When all is said and done, the handful of people sitting in the middle of the Venn diagram marked "doesn't own a PC" and "wants a hardcore train simulation" still deserve a game that isn't buggy, runs well, respects their time as a user, and one that provides more for their money than this one does. On the upside, the trains are so detailed here that if anything happens to the driver on my local route during my commute, I'm pretty confident that I could take over and nobody would be late for work. I can't promise strudel, though.
Beyond the addictive, puzzle-like challenge of hitting those high scores, there's a fantastic sense of speed here. When you're belting around in the F1 car, just scraping past trucks and getting through minuscule gaps in the traffic, things feel suitably rewarding. It's just such a kick in the airbags that for every time that feeling reveals itself, there are two more times when you'll be frustrated by one of Danger Zone 2's bugs or general inconsistencies.
But that feeling only lasts until you're accelerating out of the final corner like you've done sixty times without issue in this event and your bike decides for no reason at all to rear up like freakin' Seabiscuit, throwing you to the ground an inch from the finishing line. At that point, the promising feeling drips away, and you start to think that given this is the 15th racing game Milestone has released on PS4 in four years, we could be in for a real treat when they slow down and actually finish one.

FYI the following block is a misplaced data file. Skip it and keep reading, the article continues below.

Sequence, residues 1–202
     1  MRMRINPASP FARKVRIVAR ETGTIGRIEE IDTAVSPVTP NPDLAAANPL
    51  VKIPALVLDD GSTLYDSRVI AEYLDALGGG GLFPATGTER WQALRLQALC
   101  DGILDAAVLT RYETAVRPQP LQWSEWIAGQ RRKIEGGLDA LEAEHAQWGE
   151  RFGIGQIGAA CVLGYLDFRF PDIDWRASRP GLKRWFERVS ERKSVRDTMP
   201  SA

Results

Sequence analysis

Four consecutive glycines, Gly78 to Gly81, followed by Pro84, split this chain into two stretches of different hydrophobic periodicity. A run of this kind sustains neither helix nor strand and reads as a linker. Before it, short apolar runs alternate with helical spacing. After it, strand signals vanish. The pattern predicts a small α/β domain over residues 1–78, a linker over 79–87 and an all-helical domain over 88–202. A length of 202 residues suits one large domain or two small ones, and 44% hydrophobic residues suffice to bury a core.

When you're doing the same and cruising downhill through the beautiful countryside or fighting and clawing to get your wheels in front at the top of a grueling climb, Le Tour De France 2018 is enjoyable stuff. But outside of those times, it's yet another buggy and undercooked update for a title that had fallen off the pace a few iterations ago.
Jurassic World Evolution is – in many ways – the game that you make it. Fans of the franchise will jump for joy as they stumble across the classic original movie skins for the ranger jeeps while Dr. Ian Malcolm explains his theory on the meaning of life in a voiceover. They'll be so happy that a lot of the flaws can and will be overlooked by those people. For those who maybe only have a passing interest, there's still a solid and overly addictive game to be found, but they'll have to look past a fair few missed steps.
What we can be sure of though, is that Codemasters has at least put together a great foundation on which to build. They've promised that as well as that ranked mode, new content and features will roll out to players going forward and if they make the right steps, Onrush could end up being an absolutely huge deal. At launch though, it serves as a great taste of what could be, even if it could go with just a little bit more fuel in the tank.